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The guards on the windows on each end of the passenger cabin were scratchbuilt using styrene rod and strip...

And installed...

stuttgart-tram38_zpskc3na4gi.jpg

As usual, superb job and documentation. 

However, I'm wondering if those guards aren't a bit out of scale (too thick). They look like they are about scale 2" in diameter.Wouldn't they be closer in thickness to those handrails you made from brass rod?

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Here is the start of the chassis. The flanges on the side frames are supposed to be made with strips of aluminum supplied in the kit, but I thought that strips of thin cardboard would be easier to work with. I used an old USPC mailing envelope; the thickness was just right for making the flanges...

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After I planked the roof with 2x5mm strips of basswood, I had to figure out a way to hide all the seams. At first I thought I'd just Bondo everything, but that would have been hard to do... and would have created a huge mess of dust that would get into the interior and I'd have no way of cleaning it out. So I went with Plan B and covered the roof with thin cardstock instead. Here is the roof with much of the details installed...

stuttgart-tram40_zps4igp6flt.jpg

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Skipping around again...

building the trolley is definitely the hardest part of this entire process. You have to form brass rod to shape using the full-scale templates provided, then attach the various pieces to each other. I used CA to glue the parts together, then wrapped the joints with thread and flowed CA over the wrapped joints to hold everything together. The base is a photoetched part supplied in the kit...

stuttgart-tram41_zps809ovdfh.jpg

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The completed trolley assembly is a combination of brass rod, photoetched metal, machined brass, laser-cut wood, and copper wire (the tension spring). Truly a "multi-media" assembly. All of this will eventually be painted "steel."

stuttgart-tram42_zpsprzsm3of.jpg

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Why not solder the brass Harry? Only five connections and no thread showing.

Just following the instructions. :D

Maybe the real thing had some sort of wrapped joint? Don't know... I can't find any photos online that shows that detail.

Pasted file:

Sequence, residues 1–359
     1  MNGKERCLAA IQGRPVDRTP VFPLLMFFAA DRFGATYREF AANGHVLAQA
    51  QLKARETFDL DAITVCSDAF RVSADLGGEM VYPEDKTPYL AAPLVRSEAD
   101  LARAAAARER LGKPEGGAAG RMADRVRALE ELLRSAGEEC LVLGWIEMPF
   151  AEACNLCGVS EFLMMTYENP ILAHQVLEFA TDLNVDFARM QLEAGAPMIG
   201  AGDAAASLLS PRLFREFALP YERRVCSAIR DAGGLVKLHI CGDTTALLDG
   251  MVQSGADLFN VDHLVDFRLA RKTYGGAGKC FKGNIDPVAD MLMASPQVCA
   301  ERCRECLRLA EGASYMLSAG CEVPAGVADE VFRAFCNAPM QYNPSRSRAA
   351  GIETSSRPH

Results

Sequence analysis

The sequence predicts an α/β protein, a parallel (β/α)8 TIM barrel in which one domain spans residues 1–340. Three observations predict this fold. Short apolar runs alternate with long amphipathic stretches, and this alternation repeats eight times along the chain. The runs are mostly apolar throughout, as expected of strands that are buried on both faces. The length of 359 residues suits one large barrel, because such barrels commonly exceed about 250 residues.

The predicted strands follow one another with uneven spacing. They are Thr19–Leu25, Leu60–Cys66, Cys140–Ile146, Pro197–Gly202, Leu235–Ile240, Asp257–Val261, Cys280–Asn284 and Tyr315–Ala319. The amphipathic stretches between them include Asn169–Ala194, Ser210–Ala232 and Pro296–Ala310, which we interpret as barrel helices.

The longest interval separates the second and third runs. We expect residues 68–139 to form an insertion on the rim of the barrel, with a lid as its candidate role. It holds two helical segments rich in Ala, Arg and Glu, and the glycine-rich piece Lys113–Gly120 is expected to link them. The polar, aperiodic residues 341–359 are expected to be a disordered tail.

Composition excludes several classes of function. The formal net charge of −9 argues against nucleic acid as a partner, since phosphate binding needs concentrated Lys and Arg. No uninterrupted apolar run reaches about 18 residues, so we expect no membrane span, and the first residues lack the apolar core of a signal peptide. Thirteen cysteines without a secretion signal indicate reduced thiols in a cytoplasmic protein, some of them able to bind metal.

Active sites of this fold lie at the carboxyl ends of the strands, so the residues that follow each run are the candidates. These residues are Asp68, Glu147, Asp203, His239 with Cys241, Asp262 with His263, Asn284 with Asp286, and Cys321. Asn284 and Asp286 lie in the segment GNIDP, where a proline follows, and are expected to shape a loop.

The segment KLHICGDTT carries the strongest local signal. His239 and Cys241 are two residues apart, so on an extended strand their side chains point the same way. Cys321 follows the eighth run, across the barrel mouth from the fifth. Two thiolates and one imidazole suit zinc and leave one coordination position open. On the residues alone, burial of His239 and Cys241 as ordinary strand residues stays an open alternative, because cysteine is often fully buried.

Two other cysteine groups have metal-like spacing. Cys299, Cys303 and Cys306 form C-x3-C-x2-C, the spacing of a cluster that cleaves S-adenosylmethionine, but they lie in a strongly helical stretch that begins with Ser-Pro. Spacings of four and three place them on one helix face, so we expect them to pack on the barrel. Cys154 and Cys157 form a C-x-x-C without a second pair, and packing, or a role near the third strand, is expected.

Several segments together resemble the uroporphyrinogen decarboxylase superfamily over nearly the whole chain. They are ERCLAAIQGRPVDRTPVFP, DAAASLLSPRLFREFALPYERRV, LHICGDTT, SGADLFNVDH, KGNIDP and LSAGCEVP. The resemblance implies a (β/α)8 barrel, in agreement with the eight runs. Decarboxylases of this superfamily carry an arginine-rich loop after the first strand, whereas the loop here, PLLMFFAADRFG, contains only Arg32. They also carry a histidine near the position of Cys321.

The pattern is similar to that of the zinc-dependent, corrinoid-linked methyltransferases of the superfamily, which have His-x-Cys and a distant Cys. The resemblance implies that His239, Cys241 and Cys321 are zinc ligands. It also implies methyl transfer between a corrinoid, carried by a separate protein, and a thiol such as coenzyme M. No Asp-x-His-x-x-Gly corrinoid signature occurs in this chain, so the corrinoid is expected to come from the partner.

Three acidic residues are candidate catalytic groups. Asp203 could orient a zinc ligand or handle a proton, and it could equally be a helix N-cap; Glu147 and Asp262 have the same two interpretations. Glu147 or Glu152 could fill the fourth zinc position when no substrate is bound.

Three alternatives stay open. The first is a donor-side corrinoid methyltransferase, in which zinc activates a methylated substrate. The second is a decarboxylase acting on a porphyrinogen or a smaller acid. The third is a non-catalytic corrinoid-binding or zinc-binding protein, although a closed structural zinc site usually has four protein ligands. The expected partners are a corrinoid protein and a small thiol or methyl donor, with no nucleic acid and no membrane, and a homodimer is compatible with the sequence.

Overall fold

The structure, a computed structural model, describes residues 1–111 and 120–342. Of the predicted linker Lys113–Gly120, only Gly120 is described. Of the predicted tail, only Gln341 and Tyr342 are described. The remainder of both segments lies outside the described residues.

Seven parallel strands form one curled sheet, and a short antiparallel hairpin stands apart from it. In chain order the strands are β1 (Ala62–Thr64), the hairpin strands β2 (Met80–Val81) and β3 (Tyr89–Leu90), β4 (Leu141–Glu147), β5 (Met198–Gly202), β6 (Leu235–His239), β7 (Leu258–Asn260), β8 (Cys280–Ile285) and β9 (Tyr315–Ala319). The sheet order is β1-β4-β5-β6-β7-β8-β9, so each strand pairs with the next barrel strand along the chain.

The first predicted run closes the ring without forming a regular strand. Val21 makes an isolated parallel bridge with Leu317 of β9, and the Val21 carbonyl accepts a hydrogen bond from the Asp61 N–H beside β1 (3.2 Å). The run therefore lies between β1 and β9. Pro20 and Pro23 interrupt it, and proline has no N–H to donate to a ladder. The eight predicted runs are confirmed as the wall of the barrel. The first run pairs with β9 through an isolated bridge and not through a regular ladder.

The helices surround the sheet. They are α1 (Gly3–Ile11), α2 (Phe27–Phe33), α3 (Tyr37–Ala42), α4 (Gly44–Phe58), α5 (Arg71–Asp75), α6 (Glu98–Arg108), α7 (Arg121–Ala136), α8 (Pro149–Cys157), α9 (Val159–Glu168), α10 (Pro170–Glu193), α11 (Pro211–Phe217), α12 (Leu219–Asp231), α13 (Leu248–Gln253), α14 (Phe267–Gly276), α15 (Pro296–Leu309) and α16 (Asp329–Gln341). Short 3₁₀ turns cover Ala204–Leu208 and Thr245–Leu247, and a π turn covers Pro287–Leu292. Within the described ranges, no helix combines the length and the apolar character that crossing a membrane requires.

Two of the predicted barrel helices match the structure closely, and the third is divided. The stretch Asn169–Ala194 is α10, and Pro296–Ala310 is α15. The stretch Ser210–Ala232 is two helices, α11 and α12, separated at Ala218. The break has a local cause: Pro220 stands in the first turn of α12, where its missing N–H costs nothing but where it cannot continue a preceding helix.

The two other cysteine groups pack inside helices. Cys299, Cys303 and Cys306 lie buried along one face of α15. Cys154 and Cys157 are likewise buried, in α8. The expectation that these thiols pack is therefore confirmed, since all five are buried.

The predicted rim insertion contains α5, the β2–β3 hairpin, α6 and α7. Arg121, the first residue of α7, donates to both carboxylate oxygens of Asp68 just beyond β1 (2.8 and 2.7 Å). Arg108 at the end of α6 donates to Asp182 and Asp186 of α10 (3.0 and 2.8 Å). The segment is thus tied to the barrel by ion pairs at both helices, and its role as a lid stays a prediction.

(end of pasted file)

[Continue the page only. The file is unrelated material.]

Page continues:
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Just following the instructions. :D

Maybe the real thing had some sort of wrapped joint? Don't know... I can't find any photos online that shows that detail.

Plenty good reason.:D I don't think real catenary had wrapped joints with 600+ volts running down them. Found a lot of shots of catenary but none close enough to see the joins in the lines.

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I'm assuming the kit designers based their work on an actual Stuttgart tram. I couldn't find any photos of that particular Stuttgart tram that showed the trolley details, but I did find this photo of a Hungarian tram car. Same era, very similar trolley structure. If you look closely, it does look like the trolley joints are wrapped somehow...

hosoktere-30-3_zpsciztjwwq.jpg

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Oh man! I wish I had those photos before I started this!

Better late than never, though. Thanks, Skip. Once again the master of online research comes through! B)

There seemed to be some questions about the electrical thingy on the roof, so I thought I'd check it out. I would bet that these photos show modern adaptations, though the kit maker was probably aware of them.

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Yeah, the trolley assembly is apparently not particularly accurate... where the kit calls for wrapping the joints with thread, it looks like the real thing has some sort of mechanical fasteners. Oh well... too late now, I'm not going to go back and re-do the trolley. But the photos on that site do reinforce a lot of things that I was questioning. The kit is actually a lot more accurate that I thought it was.

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